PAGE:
‘Enter at your own risk:’ COVID-19 cases at statehouse spark Dems’ concern

Former Ohio House Speaker Larry Householder, at podium. Photo from Ohio House website.

Two administrative staffers entered Thomas Horan’s office at the Statehouse on Tuesday with a simple message: Go home, you’ve been exposed to COVID-19 at work.

On Wednesday, they told him to come back. Turns out they had the wrong Thomas. 

The case of mistaken identity, shared by Horan and the state lawmaker he works for, comes on the heels of the confirmation of a third case of COVID-19 in the Statehouse in the last two weeks.

They seem to be running their own inside contact tracing operation, unbeknownst to any of us,” said Democratic Rep. Jessica Miranda, Horan’s boss. “I don’t know if the majority party has been briefed on what the process is, but I know we surely have not.”

Several House employees who requested anonymity said a House Republican staffer tested positive for COVID-19 this week, including one staffer who spoke to the infected person directly. A House spokeswoman confirmed to Cleveland.com that an aide was infected.

“They’re trying to keep this with a very secretive nature as to who’s testing positive and not really properly warning folks,” Miranda said.

The GOP aide’s diagnosis comes after Democratic Rep. Stephanie Howse announced Monday she contracted the virus, and a Senate aide tested positive in late June.

On-record interviews with Democratic lawmakers and background interviews with staff paint a picture of political hires seemingly handling contact tracing and quarantine orders in-house instead of through the health department.

Employees say there’s no transparency when there’s a positive case, and they’re left to themselves to figure out who has been quarantined and triangulate who has been infected.

“We’ve gotten into the season of politicizing an infection,” Howse said in an interview Wednesday as she rides out the disease’s course at home.

“While the Republicans are trying to prove a point that this isn’t for real, they’re really going to mess around and cause someone an untimely death because of their unwillingness to take on the necessary precautions.”

Majority staff have refused to state how many employees were sent home to quarantine. 

Since the pandemic began, House Republicans have voted to limit the power of the state health director to issue orders, to slow down the contact tracing process by requiring written consent, and to reject requirements that lawmakers and staff wear masks inside the Capitol.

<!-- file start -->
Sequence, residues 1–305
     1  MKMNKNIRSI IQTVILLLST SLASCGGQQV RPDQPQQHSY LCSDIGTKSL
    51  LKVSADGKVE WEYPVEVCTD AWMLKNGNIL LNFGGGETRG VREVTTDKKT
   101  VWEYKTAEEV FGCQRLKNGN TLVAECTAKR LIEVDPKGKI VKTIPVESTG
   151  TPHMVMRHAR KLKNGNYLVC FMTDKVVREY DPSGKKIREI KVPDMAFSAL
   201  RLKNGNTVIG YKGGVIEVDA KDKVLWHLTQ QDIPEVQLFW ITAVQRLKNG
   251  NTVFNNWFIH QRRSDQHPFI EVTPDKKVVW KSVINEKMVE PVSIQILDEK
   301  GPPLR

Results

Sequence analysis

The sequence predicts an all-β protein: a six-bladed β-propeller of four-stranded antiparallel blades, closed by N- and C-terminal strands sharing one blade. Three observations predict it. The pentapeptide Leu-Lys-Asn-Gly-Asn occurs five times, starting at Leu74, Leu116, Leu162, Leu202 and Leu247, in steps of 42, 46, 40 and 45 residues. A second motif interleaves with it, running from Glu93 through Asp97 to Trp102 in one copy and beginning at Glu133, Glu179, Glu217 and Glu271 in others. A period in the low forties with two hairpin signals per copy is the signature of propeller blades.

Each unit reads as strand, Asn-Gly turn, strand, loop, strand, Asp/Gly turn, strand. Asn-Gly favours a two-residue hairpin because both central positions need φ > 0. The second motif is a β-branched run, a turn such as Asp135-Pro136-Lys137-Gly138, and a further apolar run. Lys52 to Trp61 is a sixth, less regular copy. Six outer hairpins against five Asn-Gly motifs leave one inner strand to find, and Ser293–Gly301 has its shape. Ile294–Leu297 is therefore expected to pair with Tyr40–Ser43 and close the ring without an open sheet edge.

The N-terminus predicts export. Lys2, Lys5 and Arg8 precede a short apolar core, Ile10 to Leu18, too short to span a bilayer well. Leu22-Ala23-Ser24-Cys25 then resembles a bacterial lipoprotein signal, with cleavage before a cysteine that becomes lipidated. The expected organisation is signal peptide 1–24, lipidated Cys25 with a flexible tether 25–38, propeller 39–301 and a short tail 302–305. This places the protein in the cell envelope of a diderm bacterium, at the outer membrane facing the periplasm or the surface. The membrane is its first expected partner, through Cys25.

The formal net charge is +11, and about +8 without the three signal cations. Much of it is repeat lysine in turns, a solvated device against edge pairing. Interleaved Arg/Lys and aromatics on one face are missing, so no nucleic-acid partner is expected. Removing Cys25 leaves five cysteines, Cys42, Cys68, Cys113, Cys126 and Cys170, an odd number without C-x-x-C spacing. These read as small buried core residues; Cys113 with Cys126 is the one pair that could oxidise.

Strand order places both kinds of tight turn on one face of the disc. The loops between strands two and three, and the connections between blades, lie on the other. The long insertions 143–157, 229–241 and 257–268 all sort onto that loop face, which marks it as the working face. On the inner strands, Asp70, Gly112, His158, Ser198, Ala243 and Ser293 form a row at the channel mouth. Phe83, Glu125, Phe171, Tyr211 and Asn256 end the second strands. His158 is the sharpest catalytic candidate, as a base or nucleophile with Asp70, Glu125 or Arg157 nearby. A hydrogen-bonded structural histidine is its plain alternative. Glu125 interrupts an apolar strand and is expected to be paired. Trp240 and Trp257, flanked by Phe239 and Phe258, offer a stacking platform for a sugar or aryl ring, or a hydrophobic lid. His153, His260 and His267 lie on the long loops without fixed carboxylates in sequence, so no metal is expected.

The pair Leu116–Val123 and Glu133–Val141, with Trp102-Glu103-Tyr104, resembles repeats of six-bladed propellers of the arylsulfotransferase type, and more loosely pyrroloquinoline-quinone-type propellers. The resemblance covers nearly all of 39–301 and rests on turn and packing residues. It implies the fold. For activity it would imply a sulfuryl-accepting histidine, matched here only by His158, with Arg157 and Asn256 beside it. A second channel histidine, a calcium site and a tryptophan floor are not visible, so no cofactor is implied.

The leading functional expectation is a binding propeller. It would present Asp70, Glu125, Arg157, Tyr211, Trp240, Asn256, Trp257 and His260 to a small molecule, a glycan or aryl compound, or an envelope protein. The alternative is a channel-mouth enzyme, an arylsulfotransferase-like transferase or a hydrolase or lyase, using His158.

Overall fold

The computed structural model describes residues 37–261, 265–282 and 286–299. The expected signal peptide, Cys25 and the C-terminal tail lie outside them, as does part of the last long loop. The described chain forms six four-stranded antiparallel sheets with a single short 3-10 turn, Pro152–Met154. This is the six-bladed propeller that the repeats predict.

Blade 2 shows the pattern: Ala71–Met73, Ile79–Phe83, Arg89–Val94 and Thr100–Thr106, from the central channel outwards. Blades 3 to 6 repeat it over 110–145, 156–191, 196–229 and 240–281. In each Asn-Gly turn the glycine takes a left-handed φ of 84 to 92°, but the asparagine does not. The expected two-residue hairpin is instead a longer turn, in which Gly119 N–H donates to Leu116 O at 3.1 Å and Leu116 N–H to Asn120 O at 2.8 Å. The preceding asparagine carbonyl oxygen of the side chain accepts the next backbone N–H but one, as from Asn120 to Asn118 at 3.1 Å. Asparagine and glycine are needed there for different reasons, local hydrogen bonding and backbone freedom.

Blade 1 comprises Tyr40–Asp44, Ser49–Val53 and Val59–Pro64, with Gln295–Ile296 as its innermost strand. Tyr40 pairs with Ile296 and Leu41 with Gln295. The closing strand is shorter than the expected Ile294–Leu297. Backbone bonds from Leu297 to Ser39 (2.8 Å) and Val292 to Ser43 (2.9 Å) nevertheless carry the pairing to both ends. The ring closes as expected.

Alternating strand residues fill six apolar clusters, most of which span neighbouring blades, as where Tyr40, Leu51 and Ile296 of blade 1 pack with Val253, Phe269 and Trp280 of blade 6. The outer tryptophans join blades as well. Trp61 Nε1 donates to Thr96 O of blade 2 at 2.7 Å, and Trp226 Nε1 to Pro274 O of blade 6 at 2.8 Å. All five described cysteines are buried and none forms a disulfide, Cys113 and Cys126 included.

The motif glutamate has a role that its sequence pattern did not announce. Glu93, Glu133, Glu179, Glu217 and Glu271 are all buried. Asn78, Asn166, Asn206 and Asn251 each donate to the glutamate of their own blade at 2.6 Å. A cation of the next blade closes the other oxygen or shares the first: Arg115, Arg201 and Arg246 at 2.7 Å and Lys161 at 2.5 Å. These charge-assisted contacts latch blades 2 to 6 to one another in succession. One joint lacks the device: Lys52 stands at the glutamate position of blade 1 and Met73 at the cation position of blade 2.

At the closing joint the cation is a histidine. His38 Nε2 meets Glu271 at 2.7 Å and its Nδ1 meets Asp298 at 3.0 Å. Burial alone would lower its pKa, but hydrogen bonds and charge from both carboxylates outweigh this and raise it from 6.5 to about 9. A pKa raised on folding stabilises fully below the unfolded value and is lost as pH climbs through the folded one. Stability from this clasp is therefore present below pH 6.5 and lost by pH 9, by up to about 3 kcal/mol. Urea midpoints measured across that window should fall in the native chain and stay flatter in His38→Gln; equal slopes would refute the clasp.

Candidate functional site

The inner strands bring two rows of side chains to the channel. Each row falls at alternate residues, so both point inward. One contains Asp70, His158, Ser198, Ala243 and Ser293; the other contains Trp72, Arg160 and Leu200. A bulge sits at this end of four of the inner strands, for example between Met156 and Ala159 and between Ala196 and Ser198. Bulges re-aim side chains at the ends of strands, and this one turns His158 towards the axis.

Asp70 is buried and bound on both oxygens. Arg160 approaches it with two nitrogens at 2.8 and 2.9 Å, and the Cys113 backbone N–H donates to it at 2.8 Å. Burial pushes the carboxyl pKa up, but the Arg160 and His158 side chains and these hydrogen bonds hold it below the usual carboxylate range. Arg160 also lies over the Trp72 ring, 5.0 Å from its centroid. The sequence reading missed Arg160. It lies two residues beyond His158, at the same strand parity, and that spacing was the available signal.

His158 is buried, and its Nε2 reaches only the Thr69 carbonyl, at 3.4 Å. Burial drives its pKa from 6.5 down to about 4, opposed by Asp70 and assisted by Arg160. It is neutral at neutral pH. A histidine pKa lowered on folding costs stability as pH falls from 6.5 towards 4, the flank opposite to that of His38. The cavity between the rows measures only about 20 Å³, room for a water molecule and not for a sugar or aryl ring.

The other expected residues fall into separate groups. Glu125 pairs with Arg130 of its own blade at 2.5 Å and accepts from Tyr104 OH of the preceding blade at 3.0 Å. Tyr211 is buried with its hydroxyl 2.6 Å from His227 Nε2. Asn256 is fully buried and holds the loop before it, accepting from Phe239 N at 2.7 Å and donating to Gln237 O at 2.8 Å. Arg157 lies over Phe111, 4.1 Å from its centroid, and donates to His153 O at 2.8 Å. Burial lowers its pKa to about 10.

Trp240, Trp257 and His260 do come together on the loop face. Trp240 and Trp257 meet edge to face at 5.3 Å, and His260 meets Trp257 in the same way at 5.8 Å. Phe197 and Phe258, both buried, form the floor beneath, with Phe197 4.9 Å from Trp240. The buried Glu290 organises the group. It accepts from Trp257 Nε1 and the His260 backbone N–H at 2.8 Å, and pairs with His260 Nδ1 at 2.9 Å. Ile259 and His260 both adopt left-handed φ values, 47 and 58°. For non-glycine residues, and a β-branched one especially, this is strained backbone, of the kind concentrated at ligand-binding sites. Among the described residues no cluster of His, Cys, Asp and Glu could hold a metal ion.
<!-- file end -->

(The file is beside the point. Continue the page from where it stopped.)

The city of Columbus requires all individuals to wear face coverings in indoor, public spaces, and Ohio Department of Health Interim Director Lance Himes ordered the same in Franklin County late Wednesday evening.

In an email to House staff Tuesday, Kim Hartman, who runs HR for the House and allegedly ordered Horan into quarantine by mistake, said the orders “do not impact the current protocols” in the House.

“Staff may continue to wear masks on House floors and should continue to follow all other safety protocols the House has implemented,” she said.

The friction comes amid a surging caseload in Ohio and Franklin County (which harbors the Statehouse) in particular. State data shows Franklin County leads Ohio with about 11,000 cases — nearly 1,100 in July alone.

Hartman, as well as a spokeswoman for GOP House Speaker Larry Householder, did not respond to emails and phone calls for this report. Three Republican lawmakers, including two whose aides are believed to have been quarantined, also did not respond to interview requests.

The House is on recess, and Howse said her staff is walking into an unsafe workplace for the majority party’s political purposes, when everyone could be working from home.

“What are people mainly doing? Answering phones, checking emails, and doing research,” she said. “You can do that from absolutely anywhere.”

House lawmakers’ offices are in the Riffe Center downtown, which also hosts the Department of Commerce, Development Services Agency, and other agencies, boards and commissions. 

Unlike the representatives, “the majority of staff do remain in a work-from-home status,” according to Melissa Vince, spokeswoman for the Department of Administrative Services.

The House of Representatives called staff off a work-from-home plan on June 1.

A Columbus Public Health spokeswoman did not respond to inquiries Wednesday but has said in the past that public disclosure of positive cases is generally up to the employer.

Dan Tierney, a spokesman for Gov. Mike DeWine, said the governor won’t enforce mask orders for employees of other branches of government.

However, he said they’re “worried” about viral spread from asymptomatic or pre-symptomatic individuals.

Howse said if the Republican majority continues to downplay the seriousness of the pandemic, the Capitol will remain unsafe.

“Enter at your own risk, that’s what people need to know,” she said. “You enter at your own risk.”

Marty Schladen contributed to this report.